Author Topic: Had to use some form of this - my mother and my weight  (Read 21556 times)

0 Members and 1 Guest are viewing this topic.

nuit93

  • Hero Member
  • ***
  • Posts: 1125
Re: Had to use some form of this - my mother and my weight
« Reply #15 on: February 20, 2012, 02:44:01 AM »
My mom is like that too, only she realized that she'd never get anywhere with me by bugging me about my weight directly, so now she talks about "heavy" people (who are smaller than me) within earshot of me, or her "fat" days where she reached a staggering 145lbs (she's 5'6").  And she'll obsess loudly about her "belly"...even though she's now down to a size 2/4.

TheOtherLove

  • Jr. Member
  • *
  • Posts: 6
Re: Had to use some form of this - my mother and my weight
« Reply #16 on: February 20, 2012, 04:18:27 PM »
Wow...ever think your mom cares about your health and your happieness?  That is what moms are for...to tell you what you don't want to hear.  Do something about it or just let it roll off your back.  You would not be saying anything if it did not rub a raw nerve.

Yvaine

  • Super Hero!
  • ****
  • Posts: 8846
Re: Had to use some form of this - my mother and my weight
« Reply #17 on: February 20, 2012, 05:06:36 PM »
Wow...ever think your mom cares about your health and your happieness?  That is what moms are for...to tell you what you don't want to hear.  Do something about it or just let it roll off your back.  You would not be saying anything if it did not rub a raw nerve.

That's not what moms are for when their children are grown adults, no. It's rude to just spew out unsolicited appearance advice to people. This post comes off as super snarky and condescending.

Venus193

  • Super Hero!
  • ****
  • Posts: 15889
  • Backstage passes are wonderful things!
Re: Had to use some form of this - my mother and my weight
« Reply #18 on: February 20, 2012, 05:15:36 PM »
Wow...ever think your mom cares about your health and your happieness?  That is what moms are for...to tell you what you don't want to hear.  Do something about it or just let it roll off your back.  You would not be saying anything if it did not rub a raw nerve.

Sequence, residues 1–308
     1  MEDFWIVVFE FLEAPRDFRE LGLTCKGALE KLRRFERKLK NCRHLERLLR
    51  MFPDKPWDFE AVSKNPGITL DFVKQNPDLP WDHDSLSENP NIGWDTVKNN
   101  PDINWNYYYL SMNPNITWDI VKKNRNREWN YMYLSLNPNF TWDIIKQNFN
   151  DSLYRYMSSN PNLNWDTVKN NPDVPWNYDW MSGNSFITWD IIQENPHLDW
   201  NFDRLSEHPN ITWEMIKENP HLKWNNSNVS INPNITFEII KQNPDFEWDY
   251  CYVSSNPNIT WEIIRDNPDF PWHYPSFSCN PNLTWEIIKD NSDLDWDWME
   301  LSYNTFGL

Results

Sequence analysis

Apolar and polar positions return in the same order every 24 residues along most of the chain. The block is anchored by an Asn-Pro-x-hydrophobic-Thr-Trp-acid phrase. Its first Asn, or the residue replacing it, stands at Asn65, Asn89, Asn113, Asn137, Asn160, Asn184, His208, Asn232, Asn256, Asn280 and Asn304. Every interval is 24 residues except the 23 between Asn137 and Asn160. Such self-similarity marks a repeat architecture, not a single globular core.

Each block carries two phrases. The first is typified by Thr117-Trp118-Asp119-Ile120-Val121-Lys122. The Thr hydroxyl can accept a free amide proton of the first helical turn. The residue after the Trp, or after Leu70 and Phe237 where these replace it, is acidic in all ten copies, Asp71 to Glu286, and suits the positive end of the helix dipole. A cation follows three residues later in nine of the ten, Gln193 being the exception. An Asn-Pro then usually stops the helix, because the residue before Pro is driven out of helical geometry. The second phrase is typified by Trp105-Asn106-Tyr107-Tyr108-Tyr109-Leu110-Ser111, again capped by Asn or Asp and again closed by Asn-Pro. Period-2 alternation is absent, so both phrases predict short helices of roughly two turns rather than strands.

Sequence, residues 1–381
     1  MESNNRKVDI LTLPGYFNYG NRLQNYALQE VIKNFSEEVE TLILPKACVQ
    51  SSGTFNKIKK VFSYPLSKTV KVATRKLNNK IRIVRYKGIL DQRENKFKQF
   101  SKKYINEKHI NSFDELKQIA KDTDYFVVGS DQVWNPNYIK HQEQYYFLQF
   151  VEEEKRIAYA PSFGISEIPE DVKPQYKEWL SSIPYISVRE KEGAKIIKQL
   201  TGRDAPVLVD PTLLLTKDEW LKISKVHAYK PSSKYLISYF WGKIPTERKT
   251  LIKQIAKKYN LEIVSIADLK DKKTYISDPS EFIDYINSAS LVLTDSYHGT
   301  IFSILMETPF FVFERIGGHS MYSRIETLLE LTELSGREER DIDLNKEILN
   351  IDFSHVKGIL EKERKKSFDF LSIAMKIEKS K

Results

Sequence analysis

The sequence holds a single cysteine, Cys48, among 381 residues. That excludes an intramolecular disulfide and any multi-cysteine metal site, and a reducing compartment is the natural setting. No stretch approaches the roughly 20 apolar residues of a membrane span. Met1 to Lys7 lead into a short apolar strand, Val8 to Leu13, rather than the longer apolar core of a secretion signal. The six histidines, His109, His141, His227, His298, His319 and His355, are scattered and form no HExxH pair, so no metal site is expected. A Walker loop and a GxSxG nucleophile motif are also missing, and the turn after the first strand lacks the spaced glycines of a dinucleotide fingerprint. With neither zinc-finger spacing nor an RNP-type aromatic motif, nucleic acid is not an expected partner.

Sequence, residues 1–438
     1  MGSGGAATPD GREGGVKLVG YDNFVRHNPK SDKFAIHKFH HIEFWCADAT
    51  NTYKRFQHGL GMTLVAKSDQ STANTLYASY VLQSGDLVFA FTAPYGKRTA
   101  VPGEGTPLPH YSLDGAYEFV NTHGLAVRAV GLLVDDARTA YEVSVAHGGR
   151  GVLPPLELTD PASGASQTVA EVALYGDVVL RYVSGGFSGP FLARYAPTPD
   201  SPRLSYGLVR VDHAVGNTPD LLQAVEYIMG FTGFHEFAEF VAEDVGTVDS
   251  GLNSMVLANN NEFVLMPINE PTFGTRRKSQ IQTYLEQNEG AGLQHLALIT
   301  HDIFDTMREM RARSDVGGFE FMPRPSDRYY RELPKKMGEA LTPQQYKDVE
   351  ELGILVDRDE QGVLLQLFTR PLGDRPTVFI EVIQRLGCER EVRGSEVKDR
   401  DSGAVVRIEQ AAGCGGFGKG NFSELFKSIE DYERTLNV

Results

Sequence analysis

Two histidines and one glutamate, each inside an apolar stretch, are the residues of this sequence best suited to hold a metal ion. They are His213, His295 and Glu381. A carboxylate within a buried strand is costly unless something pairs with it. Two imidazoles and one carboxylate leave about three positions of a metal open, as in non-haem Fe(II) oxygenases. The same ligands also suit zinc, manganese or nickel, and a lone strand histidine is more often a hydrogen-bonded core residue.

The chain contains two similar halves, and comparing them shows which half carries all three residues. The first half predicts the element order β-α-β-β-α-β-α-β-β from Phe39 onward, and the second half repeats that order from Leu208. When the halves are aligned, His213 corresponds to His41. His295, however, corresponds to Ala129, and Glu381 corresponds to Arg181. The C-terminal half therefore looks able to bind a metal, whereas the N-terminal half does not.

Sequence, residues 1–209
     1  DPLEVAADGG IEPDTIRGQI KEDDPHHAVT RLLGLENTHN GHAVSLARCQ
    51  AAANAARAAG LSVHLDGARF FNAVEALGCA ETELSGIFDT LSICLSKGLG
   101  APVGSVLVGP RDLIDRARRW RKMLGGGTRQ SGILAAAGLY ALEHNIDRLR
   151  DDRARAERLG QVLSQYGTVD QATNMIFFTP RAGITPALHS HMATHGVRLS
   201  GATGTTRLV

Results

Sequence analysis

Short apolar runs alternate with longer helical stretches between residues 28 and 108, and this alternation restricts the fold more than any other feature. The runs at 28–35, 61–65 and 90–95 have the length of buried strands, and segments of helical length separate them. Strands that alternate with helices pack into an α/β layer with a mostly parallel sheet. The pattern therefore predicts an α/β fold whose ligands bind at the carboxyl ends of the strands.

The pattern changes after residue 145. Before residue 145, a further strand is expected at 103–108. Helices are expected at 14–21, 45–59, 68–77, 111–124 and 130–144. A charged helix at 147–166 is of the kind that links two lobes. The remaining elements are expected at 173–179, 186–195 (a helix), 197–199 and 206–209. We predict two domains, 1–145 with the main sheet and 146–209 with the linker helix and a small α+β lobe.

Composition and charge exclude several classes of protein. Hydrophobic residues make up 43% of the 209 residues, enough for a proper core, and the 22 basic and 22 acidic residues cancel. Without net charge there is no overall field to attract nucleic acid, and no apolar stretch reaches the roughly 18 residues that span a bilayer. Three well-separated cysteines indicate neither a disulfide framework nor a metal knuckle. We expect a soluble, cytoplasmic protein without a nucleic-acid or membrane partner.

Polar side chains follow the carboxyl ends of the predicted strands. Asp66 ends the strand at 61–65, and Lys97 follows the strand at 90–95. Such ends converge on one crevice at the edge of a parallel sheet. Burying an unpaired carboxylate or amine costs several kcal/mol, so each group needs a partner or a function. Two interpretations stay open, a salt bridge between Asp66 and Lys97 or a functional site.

That's not what moms are for when their children are grown adults, no. It's rude to just spew out unsolicited appearance advice to people. This post comes off as super snarky and condescending.

There does come a point where unsolicited parental advice has to stop because all it does is create bad feeling.  Especially if it results in undermining the confidence of the adult child.
« Last Edit: February 21, 2012, 05:36:09 PM by Venus193 »

Yvaine

  • Super Hero!
  • ****
  • Posts: 8846
Re: Had to use some form of this - my mother and my weight
« Reply #19 on: February 20, 2012, 05:18:55 PM »
Wow...ever think your mom cares about your health and your happieness?  That is what moms are for...to tell you what you don't want to hear.  Do something about it or just let it roll off your back.  You would not be saying anything if it did not rub a raw nerve.

That's not what moms are for when their children are grown adults, no. It's rude to just spew out unsolicited appearance advice to people. This post comes off as super snarky and condescending.

The does come a point where unsolicited parental advice has to stop because all it does is create bad feeling.  Especially if it results in undermining the confidence of the adult child.

And etiquettely speaking, it's just plain rude. You don't go around telling people to lose weight unless you are their doctor or unless they actually want advice from you.

There's no etiquette police, of course, and people are free to decide that their aesthetic standards outweigh etiquette in their own lives and go around telling people they're fat. But it's rather silly when people defend that on an etiquette board!

TurtleDove

  • Super Hero!
  • ****
  • Posts: 5861
Re: Had to use some form of this - my mother and my weight
« Reply #20 on: February 20, 2012, 05:28:47 PM »
Wow...ever think your mom cares about your health and your happieness?  That is what moms are for...to tell you what you don't want to hear.  Do something about it or just let it roll off your back.  You would not be saying anything if it did not rub a raw nerve.

I don't disagree.  OP, if you are happy how you are, then be happy and consider ignoring or reducing contact with your mother.  Be you, be happy, be confident, and ignore people who are not value adds to your life.